• The legendary Shimarin Dango makes a return in this OVA, and Nadeshiko is genuinely unable to differentiate between everyone once Chiaki and Aoi switch over to Rin’s hairstyle. Ena orchestrated this particular stunt, and by OVA’s end, it’s nearly impossible not to feel bad for Nadeshiko. I encountered difficulty in translating the OVA’s title, ほらキャン,  to an appropriate equivalent in English. ほら typically means “hey!”, but in this context, is used as ほら話 (approximately “tall tale” in English). However, this sounds a little awkward as a title. I’ve thus decided to give the best translation as “Fibbing Camp”: fibs are inconsequential lies, befitting the casual nature of Aoi and her sister’s pranks.

  • With this OVA in the books, I’m going to return to scheduled programming: Harukana Receive‘s second episode airs tomorrow, so I will be watching and writing about it in lieu of spending the evening unwinding in Battlefield 1. Ever since the Battlefield V closed alpha, Battlefield 1‘s been feeling a little more foreign to me, and adopting the strategies of a more defensive playstyle proved to be surprisingly effectual. I’ve since unlocked the new Burton LMR, and there are some interesting stories to tell about my Road to Battlefield V experience, as well, so between the Harukana Receive posts, I’m going to try and work in a Battlefield 1 post.

The flipside of showing Aoi’s propensity to lie for her own amusement is that Nadeshiko’s trusting, naïve nature is also presented. The unique personalities among members of the Outdoors Activity Club allow for some genuinely hilarious moments in the girls’ everyday life at school outside of their time spent camping together. The relaxed environment in their club allows the girls to be themselves, and in this OVA, have a bit of good-natured fun at Nadeshiko’s expense: while it’s just Aoi and Akari making various fibs to Nadeshiko, it seems that Nadeshiko is rthe sort of person who can be pranked easily – by the OVA’s end, Sakura, Ena and Chikai are in on the jokes, as well, resulting in a hilarious, yet pitiful moment for Nadeshiko that was quite heart-meltingly adorable. It is clear that Yuru Camp△‘s characters are a dynamic bunch, although the short lengths of each OVA suggest that the bulk of the series’ magic comes from camping, as well. This second OVA is set entirely in the Industrial Hallway that acts as the Outdoors Activity Club’s clubroom, the upcoming OVA for Yuru Camp△ is set to take place in a southern part of Japan that is quite warm and will be set for release just under two weeks from now. It’ll mark a change of pace from the two OVAs thus far, although I do wonder how things will unfold if there is only five minutes of time to work with.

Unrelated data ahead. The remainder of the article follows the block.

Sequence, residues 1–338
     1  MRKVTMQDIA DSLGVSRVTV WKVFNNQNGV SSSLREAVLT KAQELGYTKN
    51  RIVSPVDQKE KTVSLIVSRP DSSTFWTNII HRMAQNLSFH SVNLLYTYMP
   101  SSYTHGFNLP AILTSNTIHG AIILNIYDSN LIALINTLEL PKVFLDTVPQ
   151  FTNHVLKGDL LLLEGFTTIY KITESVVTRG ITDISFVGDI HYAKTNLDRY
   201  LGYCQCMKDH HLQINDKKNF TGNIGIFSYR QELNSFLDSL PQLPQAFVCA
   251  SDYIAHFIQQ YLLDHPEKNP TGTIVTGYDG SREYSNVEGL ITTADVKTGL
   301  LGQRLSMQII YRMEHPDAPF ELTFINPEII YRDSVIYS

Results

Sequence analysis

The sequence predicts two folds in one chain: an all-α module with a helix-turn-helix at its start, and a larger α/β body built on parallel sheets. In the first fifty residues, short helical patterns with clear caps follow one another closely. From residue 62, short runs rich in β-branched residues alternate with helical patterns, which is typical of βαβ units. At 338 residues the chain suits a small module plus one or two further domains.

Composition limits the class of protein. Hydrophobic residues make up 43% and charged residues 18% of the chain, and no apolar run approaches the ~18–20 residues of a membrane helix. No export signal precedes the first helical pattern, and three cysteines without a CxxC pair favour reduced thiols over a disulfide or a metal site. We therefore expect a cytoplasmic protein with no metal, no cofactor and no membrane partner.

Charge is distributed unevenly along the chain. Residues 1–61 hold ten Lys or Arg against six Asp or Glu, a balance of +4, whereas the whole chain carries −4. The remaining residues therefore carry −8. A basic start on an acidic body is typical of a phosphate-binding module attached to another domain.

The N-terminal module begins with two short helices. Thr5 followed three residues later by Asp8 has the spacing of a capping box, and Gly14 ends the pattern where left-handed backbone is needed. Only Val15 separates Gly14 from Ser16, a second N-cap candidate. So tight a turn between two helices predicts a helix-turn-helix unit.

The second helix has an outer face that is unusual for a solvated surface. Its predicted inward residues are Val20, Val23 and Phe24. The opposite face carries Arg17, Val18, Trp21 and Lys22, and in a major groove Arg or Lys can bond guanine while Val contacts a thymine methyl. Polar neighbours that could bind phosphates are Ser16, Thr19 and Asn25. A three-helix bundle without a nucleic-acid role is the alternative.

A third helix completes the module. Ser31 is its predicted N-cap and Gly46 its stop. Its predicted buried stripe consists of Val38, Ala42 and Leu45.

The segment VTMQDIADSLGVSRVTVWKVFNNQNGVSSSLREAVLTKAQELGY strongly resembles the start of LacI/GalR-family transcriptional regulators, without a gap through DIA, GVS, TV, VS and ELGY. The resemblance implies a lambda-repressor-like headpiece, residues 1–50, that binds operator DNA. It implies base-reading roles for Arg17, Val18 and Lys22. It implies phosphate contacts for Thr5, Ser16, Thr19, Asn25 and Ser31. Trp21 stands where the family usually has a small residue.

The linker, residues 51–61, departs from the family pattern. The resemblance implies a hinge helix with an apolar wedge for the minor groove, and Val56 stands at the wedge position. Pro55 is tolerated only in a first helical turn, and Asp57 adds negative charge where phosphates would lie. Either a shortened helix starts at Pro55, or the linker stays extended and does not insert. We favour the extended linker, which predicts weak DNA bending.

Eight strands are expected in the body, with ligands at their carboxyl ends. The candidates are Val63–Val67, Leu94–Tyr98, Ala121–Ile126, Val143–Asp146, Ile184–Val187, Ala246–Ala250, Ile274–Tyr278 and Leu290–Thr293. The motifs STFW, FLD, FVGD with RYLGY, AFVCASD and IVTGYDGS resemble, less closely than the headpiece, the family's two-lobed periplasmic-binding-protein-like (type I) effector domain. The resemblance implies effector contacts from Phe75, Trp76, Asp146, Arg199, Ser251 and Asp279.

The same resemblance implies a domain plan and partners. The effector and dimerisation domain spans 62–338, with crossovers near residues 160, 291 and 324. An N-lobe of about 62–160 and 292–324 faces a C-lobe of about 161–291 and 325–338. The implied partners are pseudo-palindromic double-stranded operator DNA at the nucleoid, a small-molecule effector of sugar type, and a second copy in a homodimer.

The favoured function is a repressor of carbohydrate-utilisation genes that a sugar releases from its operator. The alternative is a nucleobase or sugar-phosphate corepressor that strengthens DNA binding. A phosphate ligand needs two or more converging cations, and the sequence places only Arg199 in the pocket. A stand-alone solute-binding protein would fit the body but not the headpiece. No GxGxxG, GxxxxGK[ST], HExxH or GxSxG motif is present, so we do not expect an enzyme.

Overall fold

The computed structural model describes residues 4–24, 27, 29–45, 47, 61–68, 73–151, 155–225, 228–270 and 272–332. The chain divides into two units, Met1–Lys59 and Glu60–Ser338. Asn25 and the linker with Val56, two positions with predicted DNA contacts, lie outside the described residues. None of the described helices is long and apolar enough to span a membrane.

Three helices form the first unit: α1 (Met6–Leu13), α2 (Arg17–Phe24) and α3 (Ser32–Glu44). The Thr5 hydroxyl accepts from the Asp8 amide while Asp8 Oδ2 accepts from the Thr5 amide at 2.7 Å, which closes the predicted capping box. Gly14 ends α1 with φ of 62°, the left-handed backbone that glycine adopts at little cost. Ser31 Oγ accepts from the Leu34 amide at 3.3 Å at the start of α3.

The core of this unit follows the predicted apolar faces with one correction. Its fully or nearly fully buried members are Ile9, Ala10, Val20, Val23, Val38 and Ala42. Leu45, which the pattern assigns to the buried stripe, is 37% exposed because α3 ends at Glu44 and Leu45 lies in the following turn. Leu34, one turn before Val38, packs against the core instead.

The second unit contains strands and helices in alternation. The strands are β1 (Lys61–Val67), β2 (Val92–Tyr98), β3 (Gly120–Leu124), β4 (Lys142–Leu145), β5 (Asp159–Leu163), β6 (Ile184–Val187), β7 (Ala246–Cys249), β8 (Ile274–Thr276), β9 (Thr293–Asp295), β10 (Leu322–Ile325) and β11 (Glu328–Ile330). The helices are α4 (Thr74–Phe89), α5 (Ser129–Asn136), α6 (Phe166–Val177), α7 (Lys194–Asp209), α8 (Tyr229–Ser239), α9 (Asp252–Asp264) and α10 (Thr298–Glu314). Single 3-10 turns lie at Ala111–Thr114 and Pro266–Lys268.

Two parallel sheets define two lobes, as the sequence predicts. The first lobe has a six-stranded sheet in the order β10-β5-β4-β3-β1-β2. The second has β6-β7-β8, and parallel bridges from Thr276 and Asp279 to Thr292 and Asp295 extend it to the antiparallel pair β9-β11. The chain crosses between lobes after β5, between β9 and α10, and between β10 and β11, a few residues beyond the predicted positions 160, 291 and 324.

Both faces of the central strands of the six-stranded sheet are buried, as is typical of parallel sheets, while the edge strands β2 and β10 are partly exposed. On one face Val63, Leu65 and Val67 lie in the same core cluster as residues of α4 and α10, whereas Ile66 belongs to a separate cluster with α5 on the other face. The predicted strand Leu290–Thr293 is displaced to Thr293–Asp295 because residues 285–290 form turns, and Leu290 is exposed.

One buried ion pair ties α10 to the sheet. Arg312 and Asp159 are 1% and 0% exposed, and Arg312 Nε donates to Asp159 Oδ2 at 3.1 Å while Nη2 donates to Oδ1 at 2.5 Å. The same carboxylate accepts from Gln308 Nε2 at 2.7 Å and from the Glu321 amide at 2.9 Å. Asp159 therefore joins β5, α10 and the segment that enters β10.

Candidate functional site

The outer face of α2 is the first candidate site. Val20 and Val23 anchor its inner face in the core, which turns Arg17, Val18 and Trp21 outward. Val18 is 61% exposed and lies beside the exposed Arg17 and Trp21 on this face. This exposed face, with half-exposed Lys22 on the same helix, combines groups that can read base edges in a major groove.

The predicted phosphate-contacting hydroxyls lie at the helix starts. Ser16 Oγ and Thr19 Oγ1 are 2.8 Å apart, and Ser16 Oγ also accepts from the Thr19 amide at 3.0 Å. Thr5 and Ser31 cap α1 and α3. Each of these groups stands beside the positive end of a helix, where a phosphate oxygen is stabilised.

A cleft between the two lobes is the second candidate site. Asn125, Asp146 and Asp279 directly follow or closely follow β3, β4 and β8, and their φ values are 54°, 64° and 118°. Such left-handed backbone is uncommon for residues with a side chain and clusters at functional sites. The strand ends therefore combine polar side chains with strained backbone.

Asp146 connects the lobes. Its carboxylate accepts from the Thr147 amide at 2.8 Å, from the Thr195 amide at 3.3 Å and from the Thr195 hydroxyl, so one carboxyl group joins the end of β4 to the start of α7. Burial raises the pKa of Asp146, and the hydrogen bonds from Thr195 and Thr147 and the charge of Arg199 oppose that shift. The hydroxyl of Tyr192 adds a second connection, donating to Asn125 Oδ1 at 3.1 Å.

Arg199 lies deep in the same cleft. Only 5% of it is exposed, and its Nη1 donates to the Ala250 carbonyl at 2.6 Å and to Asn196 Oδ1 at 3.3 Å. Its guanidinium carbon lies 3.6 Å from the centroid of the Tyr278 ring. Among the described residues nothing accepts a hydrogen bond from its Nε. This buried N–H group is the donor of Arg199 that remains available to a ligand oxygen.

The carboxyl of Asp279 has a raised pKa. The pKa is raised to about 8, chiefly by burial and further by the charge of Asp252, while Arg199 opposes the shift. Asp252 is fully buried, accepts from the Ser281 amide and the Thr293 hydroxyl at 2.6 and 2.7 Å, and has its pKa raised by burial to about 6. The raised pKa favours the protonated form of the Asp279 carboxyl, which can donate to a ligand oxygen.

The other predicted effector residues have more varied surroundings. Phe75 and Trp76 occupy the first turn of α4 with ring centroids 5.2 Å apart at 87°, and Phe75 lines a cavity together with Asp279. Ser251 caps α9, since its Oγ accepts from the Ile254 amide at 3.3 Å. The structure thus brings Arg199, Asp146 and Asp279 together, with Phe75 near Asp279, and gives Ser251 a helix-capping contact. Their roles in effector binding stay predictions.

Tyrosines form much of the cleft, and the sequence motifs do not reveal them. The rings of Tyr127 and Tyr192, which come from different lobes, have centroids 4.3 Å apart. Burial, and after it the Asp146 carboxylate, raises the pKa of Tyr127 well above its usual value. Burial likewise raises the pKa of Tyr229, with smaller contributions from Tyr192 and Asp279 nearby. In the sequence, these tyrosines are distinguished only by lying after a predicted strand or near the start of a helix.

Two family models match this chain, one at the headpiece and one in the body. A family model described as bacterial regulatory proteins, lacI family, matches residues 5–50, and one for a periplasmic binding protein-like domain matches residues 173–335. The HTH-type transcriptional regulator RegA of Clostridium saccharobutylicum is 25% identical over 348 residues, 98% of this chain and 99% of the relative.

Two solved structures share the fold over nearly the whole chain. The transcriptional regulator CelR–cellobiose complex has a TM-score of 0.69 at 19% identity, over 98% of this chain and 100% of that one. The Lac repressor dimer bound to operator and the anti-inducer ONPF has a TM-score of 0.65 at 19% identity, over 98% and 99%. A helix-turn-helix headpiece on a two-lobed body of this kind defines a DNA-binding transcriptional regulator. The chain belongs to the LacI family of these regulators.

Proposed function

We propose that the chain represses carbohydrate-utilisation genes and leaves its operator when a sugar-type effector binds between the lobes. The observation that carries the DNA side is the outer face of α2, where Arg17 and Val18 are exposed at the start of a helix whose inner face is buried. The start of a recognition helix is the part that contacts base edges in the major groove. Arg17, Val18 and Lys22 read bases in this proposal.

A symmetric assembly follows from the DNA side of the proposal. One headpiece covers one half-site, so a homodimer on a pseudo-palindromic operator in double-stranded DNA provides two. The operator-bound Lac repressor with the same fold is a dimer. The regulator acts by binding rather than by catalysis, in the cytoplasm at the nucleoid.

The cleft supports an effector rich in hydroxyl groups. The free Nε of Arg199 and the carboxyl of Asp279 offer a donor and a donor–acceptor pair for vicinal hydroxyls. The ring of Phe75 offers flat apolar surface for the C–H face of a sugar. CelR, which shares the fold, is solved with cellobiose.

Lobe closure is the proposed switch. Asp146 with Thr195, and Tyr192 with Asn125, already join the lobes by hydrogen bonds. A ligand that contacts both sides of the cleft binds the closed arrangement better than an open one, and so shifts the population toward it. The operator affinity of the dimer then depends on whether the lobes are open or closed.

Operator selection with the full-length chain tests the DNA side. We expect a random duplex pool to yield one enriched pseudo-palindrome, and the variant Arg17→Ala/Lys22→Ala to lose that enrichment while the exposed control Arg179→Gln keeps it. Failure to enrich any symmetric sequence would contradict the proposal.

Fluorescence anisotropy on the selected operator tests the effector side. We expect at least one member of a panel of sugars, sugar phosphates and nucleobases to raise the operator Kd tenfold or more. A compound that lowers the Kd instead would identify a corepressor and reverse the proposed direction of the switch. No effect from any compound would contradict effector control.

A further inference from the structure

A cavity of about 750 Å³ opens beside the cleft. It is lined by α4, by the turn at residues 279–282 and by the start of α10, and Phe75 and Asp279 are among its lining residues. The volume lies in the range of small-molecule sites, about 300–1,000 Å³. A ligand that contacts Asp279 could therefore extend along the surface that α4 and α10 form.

Yuru Camp△ Episode Zero: OVA Review and Reflection

“The beginning is the most important part of the work.” –Plato

Aoi and Chiaki are surprised to learn that they’ve received a narrow storage space as their clubroom. Before they begin cleaning, Aoi brings out a camping magazine from the school library, and she looks through it with Chiaki, learning that camping is an expensive hobby. When Chiaki grows discouraged and shares with Aoi her wishing of going camping together with her, Aoi is moved. She crafts a makeshift cooking tripod from some of the materials in the storage room. Chiaki considers creating their own camping gear with what’s available in the room, but physical constraints make this an impractical route. She later manages to find an inexpensive tent online and makes a reservation for it when they see that it’s sold out, feeling that with a tent, their adventures can really begin. With a runtime of five minutes and seventeen seconds, the Yuru Camp△ OVA brings to mind the likes of Girls und Panzer‘s OVAs – set before Nadeshiko arrives, the OVA details the Outdoors Activity Club’s first steps from humble beginnings, giving audiences a chance to see Aoi and Chiaki’s friendship prior to the addition of the remainder of Yuru Camp△‘s cast. The OVA also illustrates that Chiaki enjoyed camping with her family as a child, and although her family was not shown during Yuru Camp△, the OVA depicts her memories of camping with her parents as a positive influence; this is what prompts Chiaki’s desire to start a club for doing outdoors activities without the rigour and intensity of another existing club.